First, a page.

When simple words are terms of art

Pesticide products are regulated by laws meant to minimize unintended impact on humans, the environment, and property. Pesticide product labels are subject to detailed regulations including the requirement to use a “signal” indicating the acute toxicity of the product. The four signals are (1) Caution, (2) Warning, (3) Danger, and (4) Danger-Poison (with a skull and crossbones symbol). While an uninformed observer might view these terms as merely emphasizing a need to be careful, these are actually terms of art indicating, in order of increasing toxicity, categories of threats to human health.

US EPA – Label Review Manual – Chapter 7: Precautionary Statements (Revised July 2014), at page 5, https://www.epa.gov/sites/production/files/2015-03/documents/chap-07-jul-2014.pdf

(1) Toxicity Category I. Any pesticide product meeting the criteria of Toxicity Category I for any route of exposure must bear on the front panel the signal word “DANGER.” In addition, if the product is assigned to Toxicity Category I on the basis of its oral, inhalation or dermal toxicity (as distinct from skin and eye irritation), the word “Poison” must appear in red on a background of distinctly contrasting color, and the skull and crossbones symbol must appear in immediate proximity to the word “Poison.”

(2) Toxicity Category II. Any pesticide product meeting the criteria of Toxicity Category II as the highest category by any route of exposure must bear on the front panel the signal word “WARNING.”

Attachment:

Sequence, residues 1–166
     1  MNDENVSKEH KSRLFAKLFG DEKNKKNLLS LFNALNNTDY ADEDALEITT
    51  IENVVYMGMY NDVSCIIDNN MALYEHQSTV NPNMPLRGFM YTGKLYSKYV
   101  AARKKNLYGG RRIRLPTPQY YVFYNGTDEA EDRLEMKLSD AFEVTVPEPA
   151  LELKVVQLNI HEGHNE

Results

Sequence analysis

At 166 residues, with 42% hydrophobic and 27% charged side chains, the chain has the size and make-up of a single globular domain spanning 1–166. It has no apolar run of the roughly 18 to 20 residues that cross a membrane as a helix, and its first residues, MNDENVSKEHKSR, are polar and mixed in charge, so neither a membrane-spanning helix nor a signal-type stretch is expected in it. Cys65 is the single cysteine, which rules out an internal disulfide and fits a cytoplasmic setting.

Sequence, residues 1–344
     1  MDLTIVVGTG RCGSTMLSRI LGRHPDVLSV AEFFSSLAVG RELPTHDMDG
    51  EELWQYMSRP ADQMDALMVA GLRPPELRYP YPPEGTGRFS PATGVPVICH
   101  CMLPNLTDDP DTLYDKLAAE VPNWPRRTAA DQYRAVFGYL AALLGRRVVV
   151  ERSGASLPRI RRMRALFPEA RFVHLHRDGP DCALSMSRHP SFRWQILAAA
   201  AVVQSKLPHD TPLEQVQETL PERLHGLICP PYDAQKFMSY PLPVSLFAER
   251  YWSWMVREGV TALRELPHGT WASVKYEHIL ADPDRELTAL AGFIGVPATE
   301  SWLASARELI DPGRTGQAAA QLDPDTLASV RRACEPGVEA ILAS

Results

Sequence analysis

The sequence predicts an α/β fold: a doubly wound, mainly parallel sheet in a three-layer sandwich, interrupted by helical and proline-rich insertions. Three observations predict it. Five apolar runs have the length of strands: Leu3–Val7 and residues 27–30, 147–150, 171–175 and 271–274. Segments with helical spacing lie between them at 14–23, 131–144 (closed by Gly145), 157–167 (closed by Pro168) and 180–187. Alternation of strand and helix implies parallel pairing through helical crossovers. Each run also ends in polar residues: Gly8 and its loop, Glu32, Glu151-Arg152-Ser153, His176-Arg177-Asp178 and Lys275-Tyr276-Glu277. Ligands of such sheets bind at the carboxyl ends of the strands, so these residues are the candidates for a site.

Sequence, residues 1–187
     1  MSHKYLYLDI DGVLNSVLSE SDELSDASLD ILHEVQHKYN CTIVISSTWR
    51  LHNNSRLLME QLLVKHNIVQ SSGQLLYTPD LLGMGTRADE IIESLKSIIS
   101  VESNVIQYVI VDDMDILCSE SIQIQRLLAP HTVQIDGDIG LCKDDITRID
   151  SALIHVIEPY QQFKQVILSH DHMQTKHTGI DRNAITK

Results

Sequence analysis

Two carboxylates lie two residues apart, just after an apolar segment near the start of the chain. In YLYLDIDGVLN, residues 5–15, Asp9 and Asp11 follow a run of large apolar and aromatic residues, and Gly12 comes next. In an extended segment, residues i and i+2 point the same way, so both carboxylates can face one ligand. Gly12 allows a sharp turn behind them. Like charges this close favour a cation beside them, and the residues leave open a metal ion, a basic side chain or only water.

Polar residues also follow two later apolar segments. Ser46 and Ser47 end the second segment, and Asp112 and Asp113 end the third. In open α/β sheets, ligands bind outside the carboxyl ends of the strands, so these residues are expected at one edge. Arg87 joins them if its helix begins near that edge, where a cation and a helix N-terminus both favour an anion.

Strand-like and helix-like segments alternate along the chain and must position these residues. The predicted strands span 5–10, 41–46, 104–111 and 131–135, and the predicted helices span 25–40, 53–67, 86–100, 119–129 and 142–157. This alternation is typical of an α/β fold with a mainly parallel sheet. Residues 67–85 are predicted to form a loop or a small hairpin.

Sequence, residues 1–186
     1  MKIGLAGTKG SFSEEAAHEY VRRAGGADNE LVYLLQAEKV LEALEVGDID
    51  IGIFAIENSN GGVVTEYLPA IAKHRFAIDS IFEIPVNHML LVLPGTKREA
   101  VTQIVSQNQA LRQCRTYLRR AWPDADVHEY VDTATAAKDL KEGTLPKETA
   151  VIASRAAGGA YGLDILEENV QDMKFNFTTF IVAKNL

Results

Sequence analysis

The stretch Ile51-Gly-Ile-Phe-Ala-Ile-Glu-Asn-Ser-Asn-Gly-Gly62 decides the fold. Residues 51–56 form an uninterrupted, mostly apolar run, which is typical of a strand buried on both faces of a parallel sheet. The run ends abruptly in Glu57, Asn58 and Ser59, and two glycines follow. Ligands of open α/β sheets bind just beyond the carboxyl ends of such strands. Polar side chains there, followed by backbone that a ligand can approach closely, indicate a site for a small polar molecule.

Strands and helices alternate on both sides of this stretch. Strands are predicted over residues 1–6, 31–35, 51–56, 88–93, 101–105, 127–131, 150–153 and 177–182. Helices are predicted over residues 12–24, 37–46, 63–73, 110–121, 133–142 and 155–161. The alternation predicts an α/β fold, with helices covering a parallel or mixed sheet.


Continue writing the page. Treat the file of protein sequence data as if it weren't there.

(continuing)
(3) Toxicity Category III. Any pesticide product meeting the criteria of Toxicity Category III as the highest category by any route of exposure must bear on the front panel the signal word “CAUTION.”

(4) Toxicity Category IV. A pesticide product meeting the criteria of Toxicity Category IV by all routes of exposure is not required to bear a signal word. If a signal word is used, it must be “CAUTION.”

40 CFR § 156.64(a)(1)-(4)

The toxicity categories are clearly defined according to the acute hazards presented by the substance and the label must make this clear. But without an understanding of the technical language and the threats presented, the significance of the words could be lost on the one exposed to the product.

Just as the words Caution, Warning, and Danger on pesticide labels indicate more than the plain meaning of those words, so it is with many terms of art. But in order to understand the full meaning and implication of the words used (or those not used), subject-matter background or at least expert guidance is often necessary. Life and death could be at stake.

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